Home LanguageGrammar “Rather Than” vs. “Instead Of” (Detailed Difference)

“Rather Than” vs. “Instead Of” (Detailed Difference)

by Logan

A phrase is a set of two or more words that perform as an expressive unit in a sentence in English grammar. A popular definition of a phrase is that it is a grammatical unit that is between a word and a clause.

Are you aware of the difference between two phrases in English: “instead of” and “rather than”? If not, then this article has summarized and cleared up these confusions.

While speaking, you might not purposefully focus on one. You would select the one that first came to your mind or that fit into your phrase the easiest. You might purposefully choose one term over the other while writing something.

Therefore, “rather than” implies that you have options and pick the one you like most. The term “instead of” means substituting one choice for another. Therefore, to use them correctly, it is good to keep the exact difference in mind.

Let’s get an insight into this article to know more details.

Meaning

“Rather than”

It is used to express a preference for one thing over another when you have more than one option.

I want to stay home tonight rather than go out.

“Instead of”

“Instead of” is a phrase used to present a replacement; acting in place of or replacing someone or something.

Instead of fighting, we talked peacefully.

A person learning grammar
A person learning grammar

What is “Rather Than” Grammatically?

“Rather” is commonly used in English as an adverb to indicate a preference, degree, or accuracy; on the other hand, the phrase “rather than” is used both as a conjunction and preposition.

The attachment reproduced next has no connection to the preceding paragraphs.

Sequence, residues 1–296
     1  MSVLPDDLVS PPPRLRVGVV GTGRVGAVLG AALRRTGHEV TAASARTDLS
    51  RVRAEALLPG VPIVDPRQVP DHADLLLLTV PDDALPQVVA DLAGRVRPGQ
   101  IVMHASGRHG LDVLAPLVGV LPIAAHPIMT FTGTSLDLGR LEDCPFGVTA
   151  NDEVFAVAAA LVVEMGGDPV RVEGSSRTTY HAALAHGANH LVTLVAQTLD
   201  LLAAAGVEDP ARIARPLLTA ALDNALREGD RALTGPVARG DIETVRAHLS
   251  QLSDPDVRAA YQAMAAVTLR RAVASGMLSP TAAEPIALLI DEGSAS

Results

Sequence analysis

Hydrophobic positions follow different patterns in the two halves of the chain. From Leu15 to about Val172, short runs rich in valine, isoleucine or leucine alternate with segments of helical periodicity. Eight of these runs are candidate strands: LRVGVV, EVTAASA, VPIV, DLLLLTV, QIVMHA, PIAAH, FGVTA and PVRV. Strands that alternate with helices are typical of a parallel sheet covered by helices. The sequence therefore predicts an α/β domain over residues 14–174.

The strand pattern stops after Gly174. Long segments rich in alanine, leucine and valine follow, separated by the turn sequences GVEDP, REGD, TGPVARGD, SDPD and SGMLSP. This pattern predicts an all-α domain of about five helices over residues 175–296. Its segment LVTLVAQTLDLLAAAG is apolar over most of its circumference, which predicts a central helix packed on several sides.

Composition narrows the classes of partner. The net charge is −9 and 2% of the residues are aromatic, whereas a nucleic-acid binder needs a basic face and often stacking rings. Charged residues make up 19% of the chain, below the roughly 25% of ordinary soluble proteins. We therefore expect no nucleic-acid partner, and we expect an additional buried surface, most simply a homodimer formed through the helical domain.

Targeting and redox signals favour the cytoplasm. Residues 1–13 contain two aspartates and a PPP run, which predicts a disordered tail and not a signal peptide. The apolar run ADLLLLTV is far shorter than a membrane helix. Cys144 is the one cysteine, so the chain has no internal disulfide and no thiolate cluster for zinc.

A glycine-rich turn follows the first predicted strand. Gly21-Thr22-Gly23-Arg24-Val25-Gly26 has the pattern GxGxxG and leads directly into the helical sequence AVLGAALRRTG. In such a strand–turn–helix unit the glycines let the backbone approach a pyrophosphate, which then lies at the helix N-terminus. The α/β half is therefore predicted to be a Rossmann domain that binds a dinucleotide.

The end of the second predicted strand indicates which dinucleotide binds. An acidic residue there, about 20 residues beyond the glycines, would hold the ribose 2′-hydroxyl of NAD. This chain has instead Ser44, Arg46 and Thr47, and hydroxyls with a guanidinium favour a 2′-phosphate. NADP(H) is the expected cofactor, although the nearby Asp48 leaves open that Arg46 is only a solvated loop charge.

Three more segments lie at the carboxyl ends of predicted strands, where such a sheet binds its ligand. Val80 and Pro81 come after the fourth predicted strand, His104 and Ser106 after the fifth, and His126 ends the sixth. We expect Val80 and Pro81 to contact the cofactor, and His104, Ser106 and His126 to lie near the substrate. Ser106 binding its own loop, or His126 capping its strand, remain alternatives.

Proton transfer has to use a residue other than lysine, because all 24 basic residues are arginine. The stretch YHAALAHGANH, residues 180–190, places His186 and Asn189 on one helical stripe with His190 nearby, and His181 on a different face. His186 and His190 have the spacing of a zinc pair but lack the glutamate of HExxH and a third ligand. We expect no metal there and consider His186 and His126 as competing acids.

There are parallel grammatical structures on both sides of a “rather than” when used as a conjunction. When used to correspond verbs and match verb tenses, it indicates that something is being performed in place of anything else.

It is customary to employ the verbs’ base forms, frequently omitting to before the verb that follows rather than.

Examples:

  • Rather than repairing this car, I’d rather purchase a new one.
  • He decided to call rather than text.
  • For exercise, I walk rather than run.

When “rather than” is used as a preposition, it is used as a substitute for and at the start of subordinate clauses (clauses that cannot stand alone as sentences) in which a verb’s present participle (the -ing form) serves as a noun (in other words, a gerund).

The sentence’s verbs are not parallel when the preposition does not help as a preposition.

Examples:

  • Rather than driving, he rode the bus to school.
  • Rather than using dried shampoo, she rewashed her hair.
  • He took the blame rather than blaming everyone else.

To sum it up, when “rather than” has parallel grammar construction on both sides, you will know that it is being used as a conjunction, and when it has no parallel grammatical construction in the sentence, it will be recognized as a preposition.

What is “Instead of” Grammatically?

“Instead of” is grammatically a preposition. It refers to an alternative to or in place of something.